(e) The penalties of this subsection shall not apply to persons licensed under s.790.06. Persons licensed under s. 790.06 shall be punished as provided in s. 790.06(12), except that a licenseholder who unlawfully discharges a weapon or firearm on school property as prohibited by this subsection commits a felony of the second degree, punishable as provided in s. 775.082, s. 775.083, or s. 775.084.

So,  let's hope that at least the "concealed" portions of this bill pass, and for those who love open carry -- I actually think it's a well written bill, although I'd rather include the issues I see coming with "No Weapons or Firearms" signs included, (to head off that problem before it arises),  and likewise, include the changes I've outlined that are needed to F.S. 790.115(2)(e), so that there is no confusion between the old law, and new.

Anyway -- my thanks to Senator Steube for a well done bill, and to the NRA , Unified Sportsmen, and Florida Carry for their work on it.
p.s. -- this is part of a post I recently did on Facebook in reply to a comment.  I think it might help in understanding this very important issue if open carry passes:

While I sympathize with your view, legally, you are not correct, assuming the Legislature passes a sign law -- which it will be forced to do if open carry passes. The question then becomes how the law is drafted -- because (as I've explained in my blog article) if such a law is not written specifically to ONLY prohibit "open carry" -- it will be interpreted by the courts as applying to both open and concealed carry -- thus, obliterating concealed carry in 90% of the places you can go today, sign or not. Why??? Because once you have a law that says a property owner or business may post a "No Weapons" or "No Firearms" sign which shall prohibit entry to anyone so armed -- it takes on the "force of law", and now, instead of the property owner having to tell you to leave (thus revoking your "guest" or "invitee" status) -- the sign does it for them. That means it is an "automatic trespass", and a felony "armed trespass" at that. Of course, you can also write into any such law that "inadvertent" exposure is not a violation, or alternatively, that such exposure must be "intentional" -- which should be written in. But . . . since Florida is a "tourist" state -- and since the Chamber of Commerce, Disney, Universal, and every other hotel, mall, and restaurant will be under pressure to have signs to prevent pissing off their non-gun customers (as well as from insurers who will demand this in all their coverage policies) -- you better believe the Legislature will have to pass such legislation -- and in past unsuccessful bills -- they NEVER got the language right to apply ONLY to "open carry". So, that's my two cents. I've warned about it every year open carry is proposed -- because the folks in the Legislature don't understand it, lots of you don't understand it, and unless we make sure EVERYBODY understands it -- your CWL is gonna be semi-worthless if such a sign bill ever shows its ugly face, and my warning and cure isn't included in the bill.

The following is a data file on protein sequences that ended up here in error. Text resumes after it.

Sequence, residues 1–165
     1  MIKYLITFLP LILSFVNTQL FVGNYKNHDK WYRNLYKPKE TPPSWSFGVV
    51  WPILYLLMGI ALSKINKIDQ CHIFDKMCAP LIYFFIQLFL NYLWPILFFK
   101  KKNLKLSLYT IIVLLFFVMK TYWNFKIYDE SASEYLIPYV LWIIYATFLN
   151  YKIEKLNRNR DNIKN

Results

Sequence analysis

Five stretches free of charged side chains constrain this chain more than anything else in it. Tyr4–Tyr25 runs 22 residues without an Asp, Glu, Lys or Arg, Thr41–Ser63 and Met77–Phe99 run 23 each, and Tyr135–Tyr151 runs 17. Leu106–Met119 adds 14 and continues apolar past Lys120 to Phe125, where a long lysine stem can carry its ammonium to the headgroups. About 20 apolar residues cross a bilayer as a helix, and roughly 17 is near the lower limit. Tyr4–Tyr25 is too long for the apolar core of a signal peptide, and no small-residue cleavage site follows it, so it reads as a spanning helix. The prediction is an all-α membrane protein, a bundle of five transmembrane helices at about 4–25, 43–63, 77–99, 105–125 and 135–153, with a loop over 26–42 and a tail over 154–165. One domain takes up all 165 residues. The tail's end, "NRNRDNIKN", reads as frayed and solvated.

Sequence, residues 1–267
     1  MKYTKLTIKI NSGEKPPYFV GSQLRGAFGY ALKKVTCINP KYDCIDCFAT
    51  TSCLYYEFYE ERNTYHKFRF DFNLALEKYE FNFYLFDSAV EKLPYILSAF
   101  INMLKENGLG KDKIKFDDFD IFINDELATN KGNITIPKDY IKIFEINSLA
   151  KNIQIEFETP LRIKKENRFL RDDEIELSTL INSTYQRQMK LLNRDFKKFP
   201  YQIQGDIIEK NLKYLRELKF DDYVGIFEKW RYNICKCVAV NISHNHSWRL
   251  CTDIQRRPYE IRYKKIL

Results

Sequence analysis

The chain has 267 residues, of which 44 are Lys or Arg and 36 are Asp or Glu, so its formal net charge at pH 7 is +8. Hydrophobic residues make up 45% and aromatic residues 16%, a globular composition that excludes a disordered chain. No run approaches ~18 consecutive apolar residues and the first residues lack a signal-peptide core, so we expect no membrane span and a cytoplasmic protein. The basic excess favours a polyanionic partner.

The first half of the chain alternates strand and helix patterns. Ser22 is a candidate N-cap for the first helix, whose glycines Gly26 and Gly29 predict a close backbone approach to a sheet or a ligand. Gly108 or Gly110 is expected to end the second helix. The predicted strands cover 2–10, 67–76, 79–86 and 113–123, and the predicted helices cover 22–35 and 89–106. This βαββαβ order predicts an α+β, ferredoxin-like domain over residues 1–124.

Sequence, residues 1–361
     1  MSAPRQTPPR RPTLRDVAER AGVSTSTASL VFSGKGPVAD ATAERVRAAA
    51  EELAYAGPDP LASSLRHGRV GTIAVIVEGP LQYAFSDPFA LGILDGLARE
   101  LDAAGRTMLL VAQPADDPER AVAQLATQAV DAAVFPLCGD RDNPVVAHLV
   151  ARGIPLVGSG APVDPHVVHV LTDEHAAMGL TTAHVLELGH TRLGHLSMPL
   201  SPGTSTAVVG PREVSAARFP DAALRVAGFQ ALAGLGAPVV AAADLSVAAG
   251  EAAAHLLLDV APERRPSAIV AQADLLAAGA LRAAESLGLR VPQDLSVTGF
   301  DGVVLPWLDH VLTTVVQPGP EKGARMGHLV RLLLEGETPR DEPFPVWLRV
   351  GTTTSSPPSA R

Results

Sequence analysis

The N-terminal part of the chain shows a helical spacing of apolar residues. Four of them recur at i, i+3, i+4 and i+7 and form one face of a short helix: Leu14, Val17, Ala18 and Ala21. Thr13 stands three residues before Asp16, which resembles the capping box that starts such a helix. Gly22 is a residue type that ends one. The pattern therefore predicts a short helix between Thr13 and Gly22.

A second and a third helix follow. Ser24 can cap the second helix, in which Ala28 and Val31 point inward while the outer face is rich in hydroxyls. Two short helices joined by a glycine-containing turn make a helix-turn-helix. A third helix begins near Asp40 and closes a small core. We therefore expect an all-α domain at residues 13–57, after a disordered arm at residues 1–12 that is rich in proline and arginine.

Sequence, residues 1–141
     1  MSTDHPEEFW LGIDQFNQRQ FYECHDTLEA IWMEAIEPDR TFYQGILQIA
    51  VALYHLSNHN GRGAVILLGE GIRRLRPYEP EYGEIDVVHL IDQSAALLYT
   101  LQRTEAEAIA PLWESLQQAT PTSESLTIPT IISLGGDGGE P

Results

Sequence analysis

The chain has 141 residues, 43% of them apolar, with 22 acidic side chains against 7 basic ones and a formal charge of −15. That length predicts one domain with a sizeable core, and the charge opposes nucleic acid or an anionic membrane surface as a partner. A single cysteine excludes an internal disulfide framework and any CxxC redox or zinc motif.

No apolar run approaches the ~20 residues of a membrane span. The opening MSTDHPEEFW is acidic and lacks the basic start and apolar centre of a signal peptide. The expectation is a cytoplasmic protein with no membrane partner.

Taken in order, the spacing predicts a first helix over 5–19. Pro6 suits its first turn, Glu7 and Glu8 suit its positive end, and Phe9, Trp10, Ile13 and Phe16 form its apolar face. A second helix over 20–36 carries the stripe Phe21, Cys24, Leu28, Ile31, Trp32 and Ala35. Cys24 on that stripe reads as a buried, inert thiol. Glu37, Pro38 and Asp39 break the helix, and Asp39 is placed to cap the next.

Saturday, January 28, 2017

Steering Wheel Holsters in Florida

For some reason there seems to be a huge discussion on steering wheel holsters going around on Facebook these days,  and to try and settle that for all the folks too lazy to read my book -- here's a column I did for the Florida Association of State Troopers last year:

The Legal Corner – Steering Wheel Holsters
copyright Jon H.  Gutmacher, Esq. 2016

It seems steering wheel holsters are suddenly becoming very popular, and there are more than several different models out there, with different mounting positions depending on the brand, and model.  Most mount directly under and to the steering column by a clip or hooks, some can mount on the side of the steering column, and I’ve also seen ones attached to the very front of the console just to the right of the driver’s right calf area, as well as to the left or right side of the drivers seat.  Likewise, there are also models that mount the holster directly between the driver’s thigh area on the front portion of the front seat,  held there by straps.  Very few of them have a top strap.  But, the question for law enforcement – besides the safety factor of knowing where these things are – is how legal are they under Florida law?

Two questions immediately occur at that point – does the driver have a valid CWL, or are they just carrying “securely encased” per F.S. 790.25(5)?   If the question is no CWL, and carrying supposedly “securely encased” – what’s the law?

The starting point is F.S. 790.001(17), which defines “securely encased” as including “snapped in a holster”.   Since the courts liberally construe the statute – that means a properly holstered firearm can be kept anywhere in a vehicle legally, even in the open.  However, if the holster is not inside a console, glove compartment, or other closed container – the law then requires that the holster also has a strap, flap, or other mechanism that crosses over the top of the pistol grip that must be undone or opened before the pistol can be withdrawn.  Even a simple velcro strap should be enough.  Not much is required.  But, if it’s not strapped or flapped – it’s not “securely encased”.